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Cisco Router Configuration in Test Mode

Posted on 2004-03-26
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Last Modified: 2013-11-29
I have been thrown into the lions den, having to switch over some networks/routers.

I need to know how to configure a cisco 1601 router connected to a adtran DSU 56/64 in test mode.

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Is there a way to use to routers and simulate a frame.
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Question by:cmelton
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by:QST
ID: 10692572
what exactly do you mean by TEST MODE ?

If you could be more specifc, I'll try to help
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by:freshair
ID: 10692905
hi, the official Cisco 1601 installation guide is here http://www.cisco.com/univercd/cc/td/doc/product/access/acs_mod/1600/1600icg/
the manual is quite detailed with diagrams as well as troubleshooting procedures. hope it helps.
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by:cmelton
ID: 10693058
I know I was very short and unclean with what I'm asking, the problem is that I have not worked much with cisco routers and not sure what I can or can't do.  What I would like to know is how can I set the adtran dsu/csu up in test mode to respond to the router as if it was on a frame, if possible ???  and on the same note what kind of test mode or what kind of test can be preformed on the router to simulate as musch as the network before taking it to the client site and trying it.  Is there any software that can help me out ???
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QST earned 500 total points
ID: 10694488
Ok...

You want to simulate a WAN connection, a serial dedicated line, or a T1 dedicated line, coming in via a CSU/DSU. The only thing you can do there is loop the CSU or the ROUTER's Serial or T1 port.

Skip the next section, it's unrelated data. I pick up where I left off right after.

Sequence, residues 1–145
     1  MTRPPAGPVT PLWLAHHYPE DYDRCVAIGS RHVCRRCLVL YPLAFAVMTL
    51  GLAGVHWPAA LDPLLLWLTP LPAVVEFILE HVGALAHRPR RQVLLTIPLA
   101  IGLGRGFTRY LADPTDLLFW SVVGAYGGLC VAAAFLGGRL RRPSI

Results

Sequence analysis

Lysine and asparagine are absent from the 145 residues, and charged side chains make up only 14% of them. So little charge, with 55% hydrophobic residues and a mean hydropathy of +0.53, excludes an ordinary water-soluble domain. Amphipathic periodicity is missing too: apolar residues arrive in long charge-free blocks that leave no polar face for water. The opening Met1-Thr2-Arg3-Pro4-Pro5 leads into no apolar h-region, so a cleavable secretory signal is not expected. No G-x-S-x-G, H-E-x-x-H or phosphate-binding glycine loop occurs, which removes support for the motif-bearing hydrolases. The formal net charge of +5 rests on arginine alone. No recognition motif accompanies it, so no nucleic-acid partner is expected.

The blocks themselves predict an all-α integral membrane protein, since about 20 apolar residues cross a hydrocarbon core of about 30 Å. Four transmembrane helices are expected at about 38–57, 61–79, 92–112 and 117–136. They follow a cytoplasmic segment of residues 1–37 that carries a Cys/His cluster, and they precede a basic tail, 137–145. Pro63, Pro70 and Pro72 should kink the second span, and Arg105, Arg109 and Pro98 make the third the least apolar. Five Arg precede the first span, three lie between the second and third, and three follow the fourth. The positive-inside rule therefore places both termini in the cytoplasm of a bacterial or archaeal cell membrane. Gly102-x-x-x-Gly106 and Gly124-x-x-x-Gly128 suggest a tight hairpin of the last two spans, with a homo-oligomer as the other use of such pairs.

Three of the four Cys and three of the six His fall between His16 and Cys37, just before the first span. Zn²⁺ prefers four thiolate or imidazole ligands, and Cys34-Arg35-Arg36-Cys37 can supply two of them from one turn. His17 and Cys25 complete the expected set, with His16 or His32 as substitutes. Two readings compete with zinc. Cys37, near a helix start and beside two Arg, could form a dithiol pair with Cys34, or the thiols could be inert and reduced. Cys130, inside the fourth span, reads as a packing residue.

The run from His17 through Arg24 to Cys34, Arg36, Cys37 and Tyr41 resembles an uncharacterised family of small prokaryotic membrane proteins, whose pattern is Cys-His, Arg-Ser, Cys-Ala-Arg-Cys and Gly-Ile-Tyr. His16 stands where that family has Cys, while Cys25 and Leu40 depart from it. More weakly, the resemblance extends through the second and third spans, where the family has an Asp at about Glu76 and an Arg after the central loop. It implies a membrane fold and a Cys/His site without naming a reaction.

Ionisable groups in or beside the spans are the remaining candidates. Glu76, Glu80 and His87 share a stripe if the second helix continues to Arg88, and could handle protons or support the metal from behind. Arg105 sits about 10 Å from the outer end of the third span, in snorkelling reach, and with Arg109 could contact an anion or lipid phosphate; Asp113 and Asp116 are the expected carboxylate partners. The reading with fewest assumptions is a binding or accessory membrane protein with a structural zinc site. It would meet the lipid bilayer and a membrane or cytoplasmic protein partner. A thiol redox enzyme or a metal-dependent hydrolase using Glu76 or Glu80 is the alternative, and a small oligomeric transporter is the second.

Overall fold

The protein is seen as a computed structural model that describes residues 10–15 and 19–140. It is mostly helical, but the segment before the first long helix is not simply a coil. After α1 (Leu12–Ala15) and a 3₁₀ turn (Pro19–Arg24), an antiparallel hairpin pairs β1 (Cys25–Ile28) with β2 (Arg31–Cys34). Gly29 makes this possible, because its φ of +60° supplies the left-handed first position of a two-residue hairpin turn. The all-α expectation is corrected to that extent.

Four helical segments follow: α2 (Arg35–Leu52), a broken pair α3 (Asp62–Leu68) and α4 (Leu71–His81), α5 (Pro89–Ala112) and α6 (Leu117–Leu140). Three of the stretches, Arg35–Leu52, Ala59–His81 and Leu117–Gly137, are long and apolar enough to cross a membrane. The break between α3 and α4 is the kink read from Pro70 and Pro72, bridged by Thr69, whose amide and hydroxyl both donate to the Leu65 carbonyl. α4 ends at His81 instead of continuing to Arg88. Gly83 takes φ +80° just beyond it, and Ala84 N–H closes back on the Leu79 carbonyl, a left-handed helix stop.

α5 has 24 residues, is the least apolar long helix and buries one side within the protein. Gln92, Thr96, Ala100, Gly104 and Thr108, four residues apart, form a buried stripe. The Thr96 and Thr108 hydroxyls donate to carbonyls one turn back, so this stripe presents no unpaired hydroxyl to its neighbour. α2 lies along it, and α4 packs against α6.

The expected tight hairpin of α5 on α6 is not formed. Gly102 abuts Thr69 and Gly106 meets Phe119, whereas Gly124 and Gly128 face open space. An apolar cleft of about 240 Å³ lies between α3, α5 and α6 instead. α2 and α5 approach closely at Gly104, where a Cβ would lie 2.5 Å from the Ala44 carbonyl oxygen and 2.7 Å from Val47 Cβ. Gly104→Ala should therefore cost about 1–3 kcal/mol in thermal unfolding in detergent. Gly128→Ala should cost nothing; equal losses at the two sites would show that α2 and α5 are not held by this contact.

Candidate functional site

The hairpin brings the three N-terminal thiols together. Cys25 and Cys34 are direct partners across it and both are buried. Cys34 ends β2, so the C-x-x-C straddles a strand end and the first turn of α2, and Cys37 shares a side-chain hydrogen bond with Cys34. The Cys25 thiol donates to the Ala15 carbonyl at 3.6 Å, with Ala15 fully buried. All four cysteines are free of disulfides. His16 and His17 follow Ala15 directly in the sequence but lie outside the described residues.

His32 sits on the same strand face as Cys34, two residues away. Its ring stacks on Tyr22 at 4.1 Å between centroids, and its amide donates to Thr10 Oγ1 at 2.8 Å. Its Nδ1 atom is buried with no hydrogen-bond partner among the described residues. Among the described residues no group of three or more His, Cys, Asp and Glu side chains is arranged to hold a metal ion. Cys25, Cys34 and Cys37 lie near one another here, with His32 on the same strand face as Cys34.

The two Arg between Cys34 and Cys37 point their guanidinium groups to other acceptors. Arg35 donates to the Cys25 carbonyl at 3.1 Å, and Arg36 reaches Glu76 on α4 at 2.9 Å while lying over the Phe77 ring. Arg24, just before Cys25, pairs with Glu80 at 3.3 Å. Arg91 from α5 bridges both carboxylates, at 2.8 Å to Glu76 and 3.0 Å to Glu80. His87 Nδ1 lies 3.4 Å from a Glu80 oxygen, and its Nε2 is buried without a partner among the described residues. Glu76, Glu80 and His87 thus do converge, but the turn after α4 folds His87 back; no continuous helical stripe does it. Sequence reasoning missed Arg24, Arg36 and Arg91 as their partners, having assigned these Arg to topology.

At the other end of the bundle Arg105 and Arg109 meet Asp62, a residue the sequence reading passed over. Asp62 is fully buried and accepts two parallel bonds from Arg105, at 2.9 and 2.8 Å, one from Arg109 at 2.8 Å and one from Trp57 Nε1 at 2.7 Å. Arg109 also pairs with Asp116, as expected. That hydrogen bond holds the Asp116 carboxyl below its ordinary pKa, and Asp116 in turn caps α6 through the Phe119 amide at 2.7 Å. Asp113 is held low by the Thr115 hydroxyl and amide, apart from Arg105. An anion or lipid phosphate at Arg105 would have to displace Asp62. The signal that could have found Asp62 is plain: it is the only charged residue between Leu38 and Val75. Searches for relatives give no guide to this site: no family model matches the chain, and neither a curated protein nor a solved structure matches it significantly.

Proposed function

If you configure both the router and the CSU to the same speed, frame size (56/64), and you create a loop at the CSU (either by command or phisically) your router should sync up to himself (if you are using a protocol like PPP or HDLC). If you use a protocol like Frame Relay, you will see the interface going up at phisicall level, but not protocol.

At the router site you can do exactly the same, a loopback to the CSU, but that doesn't make much sense.

You want to test your setup before yougo to the customer and install it.

Configure the CSU for the appropiate speed of the circuit
Configure the CSU for the appropiate Frame size (56/64)

Configure the Router serial port to match the CSU (actually, for cisco, just plugg it, no need to configure anything)
Configure the Router communication protocol (PPP, HDLC witch is the default, Frame Relay, etc)

Plug the router, and loop the CSU (not sure about your model).

You should see the interface serial going up and show:

Serial0 is up, line protocol is up

If you have a protocol like Frame Relay that requires handshaking with the other side, you will see:

Serial0 is up, line protocol is down


If you assign an IP address to the interface (192.168.0.1/255.255.255.252 as example), and your line comes up with the protocol, you should me able to ping your own serial port.

Good luck.

QST
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